“Care is about more than a room with a hospital bed. It’s about medical professionals taking care of patients,” said John Henderson, chief executive of the Texas Organization of Rural & Community Hospitals (TORCH). “If you don’t have the staff to do that, people are going to die.”

+ The state of California has ordered hospitals with the room to accept more patients to begin accepting transfers from hospitals who have run out of beds. 

“If we continue to see an alarming increase of COVID-19 patient admissions at hospitals statewide, some facilities may not be able to provide the critical and necessary care Californians need, whether those patients have COVID-19 or another medical condition,” said Dr. Tomas J. Aragon, the state’s public health officer.

Following the latest surge in COVID-19 cases, officials were citing a shortage of beds and staff as the virus threatened health care systems. In Los Angeles, health officials ordered first responders to stop bring adult patients who are unable to be resuscitated to hospitals for care.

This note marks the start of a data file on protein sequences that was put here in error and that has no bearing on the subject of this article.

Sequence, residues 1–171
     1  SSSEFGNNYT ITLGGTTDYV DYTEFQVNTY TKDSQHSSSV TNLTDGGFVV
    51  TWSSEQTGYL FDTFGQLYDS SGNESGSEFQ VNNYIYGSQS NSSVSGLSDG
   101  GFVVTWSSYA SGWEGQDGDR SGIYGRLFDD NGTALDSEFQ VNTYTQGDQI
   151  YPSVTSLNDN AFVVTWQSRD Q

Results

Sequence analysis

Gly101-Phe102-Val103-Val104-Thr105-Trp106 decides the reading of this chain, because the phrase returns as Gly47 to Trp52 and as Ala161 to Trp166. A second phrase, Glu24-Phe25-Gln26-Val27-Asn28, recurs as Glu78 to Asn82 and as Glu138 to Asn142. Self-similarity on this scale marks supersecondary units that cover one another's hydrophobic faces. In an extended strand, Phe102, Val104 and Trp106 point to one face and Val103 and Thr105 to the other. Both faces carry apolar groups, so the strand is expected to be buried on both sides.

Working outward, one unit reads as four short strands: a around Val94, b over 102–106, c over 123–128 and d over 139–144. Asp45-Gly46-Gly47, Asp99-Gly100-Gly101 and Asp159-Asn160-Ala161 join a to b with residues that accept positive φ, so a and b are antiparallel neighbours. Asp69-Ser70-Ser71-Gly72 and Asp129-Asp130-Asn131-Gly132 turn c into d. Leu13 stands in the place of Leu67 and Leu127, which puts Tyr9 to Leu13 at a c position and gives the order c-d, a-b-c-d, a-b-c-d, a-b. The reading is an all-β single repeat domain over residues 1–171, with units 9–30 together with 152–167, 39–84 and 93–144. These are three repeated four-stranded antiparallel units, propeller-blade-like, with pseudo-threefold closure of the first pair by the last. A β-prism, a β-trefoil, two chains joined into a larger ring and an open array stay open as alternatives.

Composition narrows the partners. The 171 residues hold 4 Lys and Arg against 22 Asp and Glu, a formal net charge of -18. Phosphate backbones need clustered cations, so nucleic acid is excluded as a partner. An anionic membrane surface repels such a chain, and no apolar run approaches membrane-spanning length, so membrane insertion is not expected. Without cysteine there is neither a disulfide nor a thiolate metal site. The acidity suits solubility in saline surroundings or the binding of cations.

“Patients in traumatic full arrest who meet current Ref 814 criteria for determination of death shall not be resuscitated and shall be determined dead on scene and not transported,” said Marianne Gausche-Hill, medical director of the Los Angeles County Emergency Medical Services Agency.

+ In California, some ambulances carrying patients are having to wait as long as eight hours before meeting with hospital staff—delays which could cost lives. Ambulances are also being advised to cut back on their use of oxygen and only administer it to patients with oxygen saturation levels below 90 percent.